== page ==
My wife, Gerry, and I recently returned from a week in Las Vegas, that fabulous city of glitter where fools rush in and angels fear to tread.
We had a great time, but something happened out there that has drastically changed how I'll be spending my Sunday afternoons this fall. Let me explain:
My one and only has an undying passion for playing the slot machines. One of the last of the big-time spenders, she confines her action almost exclusively to the 5-cent slots. At one time on this trip, she had accumulated an unbelievable cash-in-hand profit of $3.60. Then greed took over and she switched to the 25-cent machines. When we headed for the airport, her winnings had dwindled to 80 cents.
Personally, I'd rather endure a doubleheader between the Seattle Mariners and the Cleveland Indians than sit in front of those money-eating monsters. So while she pulled the handles, I wandered from casino to casino, searching for that special opportunity that comes along only once in a lifetime.
I found it sooner than I expected. One casino in a hotel on the Strip offered what they called "over and under" football betting. This meant that a wager could be made on the number of victories that any of the National Football League teams would attain during the season.
The magic number for the Bucs was listed as six, prompting me to quickly place a portion of the Barnicle fortune on our boys in orange and white.
On the first Sunday of the season, however, my wife made an announcement that turned my little world upside down.
Normally, game days are glorious occasions for me. My wife takes her little plastic cards and heads for a local mall while I spend a relaxing afternoon watching football on television. Little did I know those marvelous Sunday afternoons were about to come to a screeching halt.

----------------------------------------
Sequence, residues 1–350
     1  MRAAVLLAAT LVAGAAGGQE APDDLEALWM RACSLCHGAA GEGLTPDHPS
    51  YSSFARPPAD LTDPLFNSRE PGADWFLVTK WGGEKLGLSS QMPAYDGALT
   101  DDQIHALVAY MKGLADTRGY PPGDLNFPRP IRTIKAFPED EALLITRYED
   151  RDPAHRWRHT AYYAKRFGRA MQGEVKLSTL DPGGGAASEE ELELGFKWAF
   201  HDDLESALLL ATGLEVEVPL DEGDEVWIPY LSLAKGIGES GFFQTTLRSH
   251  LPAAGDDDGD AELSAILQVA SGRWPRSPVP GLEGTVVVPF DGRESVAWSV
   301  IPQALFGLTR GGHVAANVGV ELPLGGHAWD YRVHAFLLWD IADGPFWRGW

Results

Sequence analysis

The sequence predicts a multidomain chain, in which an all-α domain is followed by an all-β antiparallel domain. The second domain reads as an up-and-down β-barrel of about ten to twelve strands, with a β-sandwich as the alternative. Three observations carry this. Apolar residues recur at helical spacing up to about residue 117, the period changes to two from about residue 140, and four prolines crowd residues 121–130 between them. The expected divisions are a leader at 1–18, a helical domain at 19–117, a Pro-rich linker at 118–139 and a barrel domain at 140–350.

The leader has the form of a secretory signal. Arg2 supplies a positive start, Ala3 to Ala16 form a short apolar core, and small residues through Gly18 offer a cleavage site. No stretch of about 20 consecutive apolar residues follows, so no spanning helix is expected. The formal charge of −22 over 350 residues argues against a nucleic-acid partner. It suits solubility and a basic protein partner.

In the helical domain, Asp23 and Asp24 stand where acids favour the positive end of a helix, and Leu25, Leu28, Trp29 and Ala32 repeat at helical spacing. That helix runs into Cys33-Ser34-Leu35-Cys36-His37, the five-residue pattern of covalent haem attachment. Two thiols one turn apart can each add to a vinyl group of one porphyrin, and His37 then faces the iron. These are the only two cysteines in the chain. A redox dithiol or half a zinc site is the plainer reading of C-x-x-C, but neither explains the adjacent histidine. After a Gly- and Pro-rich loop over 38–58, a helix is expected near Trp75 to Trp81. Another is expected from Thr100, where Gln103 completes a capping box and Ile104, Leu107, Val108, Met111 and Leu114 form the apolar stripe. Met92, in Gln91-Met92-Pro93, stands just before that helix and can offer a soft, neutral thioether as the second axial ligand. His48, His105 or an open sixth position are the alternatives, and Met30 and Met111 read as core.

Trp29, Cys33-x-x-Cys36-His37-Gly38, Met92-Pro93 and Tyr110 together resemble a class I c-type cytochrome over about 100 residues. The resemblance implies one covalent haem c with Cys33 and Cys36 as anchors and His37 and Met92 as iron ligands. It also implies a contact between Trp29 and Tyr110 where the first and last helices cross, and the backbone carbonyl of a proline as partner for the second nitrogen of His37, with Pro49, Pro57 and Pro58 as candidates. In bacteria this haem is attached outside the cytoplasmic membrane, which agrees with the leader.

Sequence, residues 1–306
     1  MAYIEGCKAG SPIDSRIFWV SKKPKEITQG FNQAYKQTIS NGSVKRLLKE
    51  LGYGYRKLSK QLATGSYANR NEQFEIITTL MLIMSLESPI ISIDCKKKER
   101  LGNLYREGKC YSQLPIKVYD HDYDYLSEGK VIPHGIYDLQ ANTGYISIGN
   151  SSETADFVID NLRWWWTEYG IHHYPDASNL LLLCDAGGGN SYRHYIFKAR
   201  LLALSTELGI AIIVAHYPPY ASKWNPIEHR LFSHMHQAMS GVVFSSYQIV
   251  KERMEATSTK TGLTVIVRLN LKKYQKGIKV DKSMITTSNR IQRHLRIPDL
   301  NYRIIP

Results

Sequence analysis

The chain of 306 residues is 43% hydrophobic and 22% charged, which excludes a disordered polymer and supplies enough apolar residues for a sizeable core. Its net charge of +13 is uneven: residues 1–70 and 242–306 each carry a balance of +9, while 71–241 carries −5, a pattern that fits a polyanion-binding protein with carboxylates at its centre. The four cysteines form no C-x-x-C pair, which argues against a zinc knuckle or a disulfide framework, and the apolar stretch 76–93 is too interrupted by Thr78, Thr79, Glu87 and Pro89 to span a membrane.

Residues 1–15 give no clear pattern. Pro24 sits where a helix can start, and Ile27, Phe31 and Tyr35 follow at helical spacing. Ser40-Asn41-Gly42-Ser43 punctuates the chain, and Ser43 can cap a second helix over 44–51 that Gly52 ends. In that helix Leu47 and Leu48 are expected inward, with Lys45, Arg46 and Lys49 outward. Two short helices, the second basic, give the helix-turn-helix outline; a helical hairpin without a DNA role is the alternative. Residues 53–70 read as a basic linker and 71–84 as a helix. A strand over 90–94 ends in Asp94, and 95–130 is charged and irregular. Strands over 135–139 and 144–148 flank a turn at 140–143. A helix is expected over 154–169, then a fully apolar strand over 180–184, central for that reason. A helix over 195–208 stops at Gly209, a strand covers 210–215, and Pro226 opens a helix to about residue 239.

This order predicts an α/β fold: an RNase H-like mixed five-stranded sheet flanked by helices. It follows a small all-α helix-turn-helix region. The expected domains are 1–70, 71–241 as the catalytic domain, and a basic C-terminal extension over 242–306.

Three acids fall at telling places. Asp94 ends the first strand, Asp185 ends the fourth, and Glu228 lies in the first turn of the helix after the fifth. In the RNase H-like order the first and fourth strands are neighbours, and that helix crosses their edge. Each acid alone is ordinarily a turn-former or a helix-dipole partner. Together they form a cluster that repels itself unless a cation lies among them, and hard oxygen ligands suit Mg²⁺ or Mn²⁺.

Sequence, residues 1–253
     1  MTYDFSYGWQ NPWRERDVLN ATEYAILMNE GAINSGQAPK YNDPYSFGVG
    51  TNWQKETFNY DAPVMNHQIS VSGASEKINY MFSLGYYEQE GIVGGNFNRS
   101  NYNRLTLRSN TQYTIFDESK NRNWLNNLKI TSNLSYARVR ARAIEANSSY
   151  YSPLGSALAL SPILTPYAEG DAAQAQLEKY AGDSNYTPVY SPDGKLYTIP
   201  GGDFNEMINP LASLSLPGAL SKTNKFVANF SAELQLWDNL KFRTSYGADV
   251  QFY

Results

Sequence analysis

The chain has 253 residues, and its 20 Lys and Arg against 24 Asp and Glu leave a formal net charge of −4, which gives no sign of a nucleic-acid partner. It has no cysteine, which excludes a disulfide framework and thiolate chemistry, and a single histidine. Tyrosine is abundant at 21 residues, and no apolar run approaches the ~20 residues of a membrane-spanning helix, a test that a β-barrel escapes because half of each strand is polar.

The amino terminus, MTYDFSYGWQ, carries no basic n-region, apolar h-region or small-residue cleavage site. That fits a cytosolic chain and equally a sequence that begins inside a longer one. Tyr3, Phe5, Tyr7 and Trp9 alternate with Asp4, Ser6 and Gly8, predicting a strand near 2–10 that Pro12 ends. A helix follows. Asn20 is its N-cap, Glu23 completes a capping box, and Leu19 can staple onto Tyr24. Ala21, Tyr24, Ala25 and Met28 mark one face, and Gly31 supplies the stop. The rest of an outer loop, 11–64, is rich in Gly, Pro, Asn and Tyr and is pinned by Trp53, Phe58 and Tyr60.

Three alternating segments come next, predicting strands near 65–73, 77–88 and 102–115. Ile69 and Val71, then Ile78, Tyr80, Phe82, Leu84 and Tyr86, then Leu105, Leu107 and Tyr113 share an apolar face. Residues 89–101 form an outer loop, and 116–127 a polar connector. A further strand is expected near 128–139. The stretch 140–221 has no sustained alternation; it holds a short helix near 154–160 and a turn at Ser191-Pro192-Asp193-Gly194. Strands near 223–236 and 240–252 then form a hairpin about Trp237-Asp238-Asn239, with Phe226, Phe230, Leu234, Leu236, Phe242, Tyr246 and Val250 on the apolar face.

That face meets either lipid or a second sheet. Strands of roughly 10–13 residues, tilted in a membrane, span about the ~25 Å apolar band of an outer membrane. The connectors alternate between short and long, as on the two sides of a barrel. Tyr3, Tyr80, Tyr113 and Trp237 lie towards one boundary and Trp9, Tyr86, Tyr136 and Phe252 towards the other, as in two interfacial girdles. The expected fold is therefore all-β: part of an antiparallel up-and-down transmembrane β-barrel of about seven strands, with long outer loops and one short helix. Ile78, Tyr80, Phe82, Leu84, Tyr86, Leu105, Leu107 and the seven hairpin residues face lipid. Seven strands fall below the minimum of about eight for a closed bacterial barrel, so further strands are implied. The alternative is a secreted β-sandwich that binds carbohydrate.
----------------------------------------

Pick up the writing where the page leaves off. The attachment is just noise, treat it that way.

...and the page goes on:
"You know," said my wife on the morning of the Bucs' opener with the Phoenix Cardinals, "because of our "investment,' I think I'll stay home this football season and watch all the Bucs games with you."
I was devastated but had to accept this horrendous situation.
To add insult to injury, my wife wanted to know everything about football in a matter of minutes.
"What is a touchdown?" she asked.
"Why do they call them quarters instead of innings?" was another beauty.
Once the game started, she fired questions at me non-stop. Mercifully, the game was not a sellout, which meant it could be carried on radio only. This gave me a little latitude in answering her questions.
Early in the game, a Buccaneer lineman roared into the Cardinals backfield and threw the quarterback for a big loss.
"The Bucs have just sacked the Phoenix quarterback!" shouted Gene Deckerhoff, one of the Bucs' fine broadcasters.
"What does that mean?" asked my wife.
I could hardly wait to answer.
"It's a form of disciplinary action taken against quarterbacks who wait too long to throw the ball," I explained. "If the game were on television or we were at the stadium, you'd see the quarterback placed in a large burlap bag which would then be securely tied at the top. The bag and its unhappy occupant would then be dragged slowly around the field three times. It's called sacking the quarterback."
"It must be awfully humiliating for the player," my wife remarked.
"I'm sure it is," I agreed. "But it serves its purpose very well. It's amazing how quickly a quarterback will get rid of the ball after he's received the sack treatment a couple of times."
In the second half, David Logan, a former Buc star and now an outstanding broadcaster, observed that the opposition had fumbled twice and had been intercepted on another occasion.
"The Cardinals have had three turnovers," reported David.
My wife appeared puzzled. "What's this about turnovers?" she wanted to know.
"It's an old tradition," I explained. "During the Depression period in the '30s, players weren't paid a lot of money. There would be occasions when members of the visiting teams would be hungry even before the game started.
"George Halas, the owner of the Chicago Bears, was a man of great compassion. Before each game, he'd have his wife bake a huge tray of turnovers for the opposing athletes. Of course, today's players are quite affluent, but the custom has continued through the years."
"That's a nice thing to do," my wife said. "I suppose the Bucs order the turnovers from a local bakery."
"Oh, no," I replied, "that would be too impersonal. Gay Culverhouse, the Bucs president, bakes them in her kitchen on the morning of the game. Her pineapple and raspberry turnovers are the hit of the league."
"Ms. Culverhouse, the team president, bakes them?" she queried, obviously finding it difficult to believe. "I guess football is full of male chauvinists, too!"
Frank Barnicle lives in Clearwater.